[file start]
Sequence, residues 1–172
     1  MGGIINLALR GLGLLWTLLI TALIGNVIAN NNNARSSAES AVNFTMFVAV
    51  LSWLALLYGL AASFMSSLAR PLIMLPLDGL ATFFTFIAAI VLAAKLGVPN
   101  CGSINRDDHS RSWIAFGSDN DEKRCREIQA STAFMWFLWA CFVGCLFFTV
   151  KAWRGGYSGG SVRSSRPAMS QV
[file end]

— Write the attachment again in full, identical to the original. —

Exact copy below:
Sequence, residues 1–172
     1  MGGIINLALR GLGLLWTLLI TALIGNVIAN NNNARSSAES AVNFTMFVAV
    51  LSWLALLYGL AASFMSSLAR PLIMLPLDGL ATFFTFIAAI VLAAKLGVPN
   101  CGSINRDDHS RSWIAFGSDN DEKRCREIQA STAFMWFLWA CFVGCLFFTV
   151  KAWRGGYSGG SVRSSRPAMS QV